One other thing to keep in mind is that fixing skills such as hitting or pitching properly and permanently often requires you to focus on pieces rather than the full skill.
In the case of hitters, that might mean putting the player on a tee for a while rather than taking full swings. For a pitcher that may mean having her move up close and throwing into a wall or net rather than performing full pitches. The same with players who need to work on throwing.
For fielders, it could mean having balls sitting on the floor or ground, or rolling balls to them rather than hitting them. Some players may have a tough time with that approach at first, but they will benefit far more from it in the long run versus trying to fix problems within the full skill.
Whack-A-Mole may be a fun game to play at a carnival – especially if you have some pent-up aggression to work out, as we all seem to these days. But as a coaching approach it isn’t very effective.
Pick one thing to focus on and give your players time to learn it before moving on to something else. You’ll find you generate much better results – in far less time.
There’s an old saying that if a hitter can hit .400 (or whatever number you prefer) standing on her head, the coach’s job is to get her a pillow. It’s really just a snazzier way of saying “If it ain’t broke, don’t fix it.”
Yet for many coaches, it’s almost impossible to resist the temptation to tinker. I get that you can always improve on something. But as they say in Bull Durham, a player on a streak has to respect the streak. (WARNING: This clip is definite NSFW so use earbuds.)
Coaches need to as well. They may believe in their hearts that hitters should always go after the first pitch, because pitchers are likely to throw strikes to try to get ahead.
But if the player feels more comfortable letting that first one go by, AND in doing so can perform well later in the count, it makes sense to let her do it. After all, Ted Williams rarely swung at the first pitch and he seemed to do ok considering he’s generally thought to be the greatest MLB hitter ever.
The same goes for calling pitches. The coach may be a huge fan of throwing low and outside, but if that’s not a pitcher’s strength you’re just asking for her to get lit up.
Or take the case of a favorite pitch. The coach may be a huge fan of the screwball, or the riseball, or some other pitch. But if the pitcher has better pitches in her arsenal, it makes more sense to rely more on those. Coaches may love the idea of speed, but if you don’t throw some changeups now and then hitter will eventually time the pitches and then it’s bye bye speed pitch.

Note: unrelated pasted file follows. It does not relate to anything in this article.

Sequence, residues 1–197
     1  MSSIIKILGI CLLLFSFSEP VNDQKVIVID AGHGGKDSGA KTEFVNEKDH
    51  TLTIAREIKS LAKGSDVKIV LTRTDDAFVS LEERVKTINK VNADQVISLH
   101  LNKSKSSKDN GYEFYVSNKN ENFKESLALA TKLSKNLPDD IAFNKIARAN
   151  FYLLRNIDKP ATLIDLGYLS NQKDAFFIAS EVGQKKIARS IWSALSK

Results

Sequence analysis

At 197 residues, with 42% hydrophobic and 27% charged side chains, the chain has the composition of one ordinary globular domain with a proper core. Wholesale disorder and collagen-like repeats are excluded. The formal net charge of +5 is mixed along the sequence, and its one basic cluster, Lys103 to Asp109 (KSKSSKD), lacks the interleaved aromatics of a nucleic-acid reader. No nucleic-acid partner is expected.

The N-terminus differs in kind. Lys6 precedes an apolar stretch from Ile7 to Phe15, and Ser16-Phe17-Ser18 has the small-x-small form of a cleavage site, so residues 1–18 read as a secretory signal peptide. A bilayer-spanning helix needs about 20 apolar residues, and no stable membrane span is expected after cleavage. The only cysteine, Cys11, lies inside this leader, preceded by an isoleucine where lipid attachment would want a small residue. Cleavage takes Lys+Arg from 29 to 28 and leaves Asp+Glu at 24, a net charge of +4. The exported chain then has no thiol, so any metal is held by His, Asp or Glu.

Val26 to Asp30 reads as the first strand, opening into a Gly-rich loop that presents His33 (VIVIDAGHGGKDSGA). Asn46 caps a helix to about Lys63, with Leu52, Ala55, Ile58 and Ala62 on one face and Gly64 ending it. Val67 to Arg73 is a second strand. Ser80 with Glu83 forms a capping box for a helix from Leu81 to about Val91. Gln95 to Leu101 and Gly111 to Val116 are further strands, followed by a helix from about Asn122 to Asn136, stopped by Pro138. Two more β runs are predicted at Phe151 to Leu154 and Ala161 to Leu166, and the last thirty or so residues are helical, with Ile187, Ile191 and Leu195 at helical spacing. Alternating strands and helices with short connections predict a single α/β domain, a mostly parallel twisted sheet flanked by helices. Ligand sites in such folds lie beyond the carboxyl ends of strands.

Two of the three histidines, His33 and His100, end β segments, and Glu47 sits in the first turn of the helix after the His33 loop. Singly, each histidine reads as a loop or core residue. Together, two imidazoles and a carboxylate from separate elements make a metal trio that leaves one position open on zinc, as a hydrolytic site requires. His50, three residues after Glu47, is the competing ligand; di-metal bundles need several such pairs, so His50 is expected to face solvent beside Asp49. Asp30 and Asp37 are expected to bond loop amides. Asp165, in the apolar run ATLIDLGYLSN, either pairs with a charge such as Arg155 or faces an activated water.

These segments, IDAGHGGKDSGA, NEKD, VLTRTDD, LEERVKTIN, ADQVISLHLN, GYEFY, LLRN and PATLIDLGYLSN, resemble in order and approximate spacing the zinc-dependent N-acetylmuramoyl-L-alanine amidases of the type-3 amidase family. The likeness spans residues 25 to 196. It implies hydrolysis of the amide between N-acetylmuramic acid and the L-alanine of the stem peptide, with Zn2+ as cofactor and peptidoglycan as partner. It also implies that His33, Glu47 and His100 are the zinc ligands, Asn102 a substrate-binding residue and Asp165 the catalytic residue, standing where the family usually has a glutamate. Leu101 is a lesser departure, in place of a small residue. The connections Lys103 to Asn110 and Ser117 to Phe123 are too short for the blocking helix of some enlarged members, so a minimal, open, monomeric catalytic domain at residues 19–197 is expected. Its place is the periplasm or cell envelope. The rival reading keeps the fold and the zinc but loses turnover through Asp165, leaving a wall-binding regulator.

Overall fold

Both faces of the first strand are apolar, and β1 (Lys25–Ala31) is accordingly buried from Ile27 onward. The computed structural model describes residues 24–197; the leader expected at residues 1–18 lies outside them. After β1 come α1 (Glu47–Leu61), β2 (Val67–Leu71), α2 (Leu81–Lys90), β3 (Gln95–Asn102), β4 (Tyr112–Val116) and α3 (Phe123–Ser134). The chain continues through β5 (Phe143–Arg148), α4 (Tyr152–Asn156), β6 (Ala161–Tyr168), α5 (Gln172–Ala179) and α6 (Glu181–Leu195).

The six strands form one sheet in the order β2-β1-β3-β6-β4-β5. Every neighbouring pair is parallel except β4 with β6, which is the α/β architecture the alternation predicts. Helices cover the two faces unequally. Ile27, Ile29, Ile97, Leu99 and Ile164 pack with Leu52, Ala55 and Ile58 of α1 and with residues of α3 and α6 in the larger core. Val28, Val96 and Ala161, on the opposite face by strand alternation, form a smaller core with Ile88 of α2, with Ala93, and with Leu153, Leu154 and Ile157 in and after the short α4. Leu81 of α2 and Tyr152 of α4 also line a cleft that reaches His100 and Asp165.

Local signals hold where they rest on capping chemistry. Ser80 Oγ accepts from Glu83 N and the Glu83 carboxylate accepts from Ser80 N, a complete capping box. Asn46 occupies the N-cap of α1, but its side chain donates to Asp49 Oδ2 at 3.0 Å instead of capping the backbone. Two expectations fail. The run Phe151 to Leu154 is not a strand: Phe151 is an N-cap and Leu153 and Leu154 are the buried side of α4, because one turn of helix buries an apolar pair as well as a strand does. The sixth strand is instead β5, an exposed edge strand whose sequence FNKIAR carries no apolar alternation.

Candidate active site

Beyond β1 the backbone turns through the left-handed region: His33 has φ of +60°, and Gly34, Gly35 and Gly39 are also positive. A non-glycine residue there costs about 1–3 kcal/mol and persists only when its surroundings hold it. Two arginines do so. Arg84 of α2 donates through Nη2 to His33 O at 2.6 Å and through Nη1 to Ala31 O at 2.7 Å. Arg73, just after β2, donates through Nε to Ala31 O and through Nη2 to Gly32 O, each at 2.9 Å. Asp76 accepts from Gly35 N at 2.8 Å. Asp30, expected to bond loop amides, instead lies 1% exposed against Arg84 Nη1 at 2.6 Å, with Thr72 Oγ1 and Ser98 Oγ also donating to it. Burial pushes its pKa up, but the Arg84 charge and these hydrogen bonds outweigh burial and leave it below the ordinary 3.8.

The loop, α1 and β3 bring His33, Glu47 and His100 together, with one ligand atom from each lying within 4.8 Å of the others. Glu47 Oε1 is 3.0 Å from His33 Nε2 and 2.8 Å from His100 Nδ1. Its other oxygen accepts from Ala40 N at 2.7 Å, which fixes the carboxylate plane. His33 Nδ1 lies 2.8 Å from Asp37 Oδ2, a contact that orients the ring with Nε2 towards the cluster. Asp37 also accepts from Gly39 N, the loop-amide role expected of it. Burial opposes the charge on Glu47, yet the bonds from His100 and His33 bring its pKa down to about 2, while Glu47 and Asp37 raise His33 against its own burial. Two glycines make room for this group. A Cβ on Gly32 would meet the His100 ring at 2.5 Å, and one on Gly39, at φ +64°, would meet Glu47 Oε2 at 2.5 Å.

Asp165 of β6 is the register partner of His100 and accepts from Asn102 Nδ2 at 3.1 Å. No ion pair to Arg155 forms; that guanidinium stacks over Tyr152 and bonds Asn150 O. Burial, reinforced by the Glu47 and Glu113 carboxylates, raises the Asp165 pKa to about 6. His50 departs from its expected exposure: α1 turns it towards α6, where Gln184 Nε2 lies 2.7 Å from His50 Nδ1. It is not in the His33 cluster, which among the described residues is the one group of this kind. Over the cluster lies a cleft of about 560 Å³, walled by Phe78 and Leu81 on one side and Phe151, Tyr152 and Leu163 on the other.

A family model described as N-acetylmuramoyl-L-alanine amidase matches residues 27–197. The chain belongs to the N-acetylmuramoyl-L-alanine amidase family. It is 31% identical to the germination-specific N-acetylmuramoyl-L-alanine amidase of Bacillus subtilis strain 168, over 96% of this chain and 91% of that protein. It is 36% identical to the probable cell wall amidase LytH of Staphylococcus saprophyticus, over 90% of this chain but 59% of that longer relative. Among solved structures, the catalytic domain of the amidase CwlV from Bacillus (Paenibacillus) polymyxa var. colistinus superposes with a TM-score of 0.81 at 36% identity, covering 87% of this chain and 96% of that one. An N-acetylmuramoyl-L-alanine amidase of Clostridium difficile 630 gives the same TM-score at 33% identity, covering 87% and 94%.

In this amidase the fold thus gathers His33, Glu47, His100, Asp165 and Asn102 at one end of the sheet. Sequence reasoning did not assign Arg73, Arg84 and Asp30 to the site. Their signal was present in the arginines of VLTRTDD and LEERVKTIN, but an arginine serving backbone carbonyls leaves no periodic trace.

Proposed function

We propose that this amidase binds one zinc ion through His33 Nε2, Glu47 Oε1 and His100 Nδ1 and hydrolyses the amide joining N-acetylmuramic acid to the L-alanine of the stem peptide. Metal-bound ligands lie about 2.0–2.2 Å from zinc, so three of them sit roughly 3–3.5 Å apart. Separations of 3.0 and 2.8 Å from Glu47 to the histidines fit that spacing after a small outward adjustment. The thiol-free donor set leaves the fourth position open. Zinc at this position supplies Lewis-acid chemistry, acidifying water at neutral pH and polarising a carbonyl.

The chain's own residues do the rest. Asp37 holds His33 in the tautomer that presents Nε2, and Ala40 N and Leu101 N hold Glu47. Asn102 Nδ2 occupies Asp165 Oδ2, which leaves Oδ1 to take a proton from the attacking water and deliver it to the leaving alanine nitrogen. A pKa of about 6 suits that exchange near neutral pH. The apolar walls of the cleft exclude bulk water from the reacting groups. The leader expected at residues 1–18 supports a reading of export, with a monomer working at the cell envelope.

I’ve talked lots of times about getting stuck in certain philosophies, such as sacrifice bunting a runner to second every time you get one of first with no outs. Not only doesn’t it make sense mathematically, it also makes you very predictable.
And why play for one run all the time when you have a lineup that can put up multiple runs in an inning?
One of my favorite stories involves the U.S. Olympic team, I believe in 2004. When Lisa Fernandez wasn’t pitching, she started at 3rd base and hit cleanup. But when she was pitching, the team would use a DP in her place, because back then (and really up until recently) the “book” said you DP for the pitcher.
In an interview Mike Candrea said he finally realized that every time he put his best pitcher into the game he was taking out one of his best bats, which was foolish. By bucking conventional wisdom and letting her hit for herself, he not only kept her bat in the lineup but actually added one more by using the DP for someone that didn’t hit as well.
One Gold Medal later that looked like a pretty good idea. And you’re starting to see a lot more of that thinking in the college game today.
As coaches we all have our preferences, beliefs, and philosophies. They may have worked for us in the past, but we always have to be mindful of the present.
Rather than getting caught up in “shoulds,” we need to focus on what is.
Oh, and if you are a player, keep this mind. From time to time, you’ll probably be told to do this or that by a well-meaning coach. If you’re struggling or under-performing, it may be a good idea.
But if you’re kicking butt and taking names, think about this. If you don’t follow that advice but keep performing, the coach may not be happy with you but will likely leave you in anyway. He/she would be foolish to take you out and hurt the team’s chances of winning just to prove a point. If you do follow the advice and your success rates goes down, however, you’ll likely find yourself on the bench eventually.
Not an easy choice, I know. But that’s the reality. Hopefully, however, your coach will be one who keeps a ready supply of pillows around.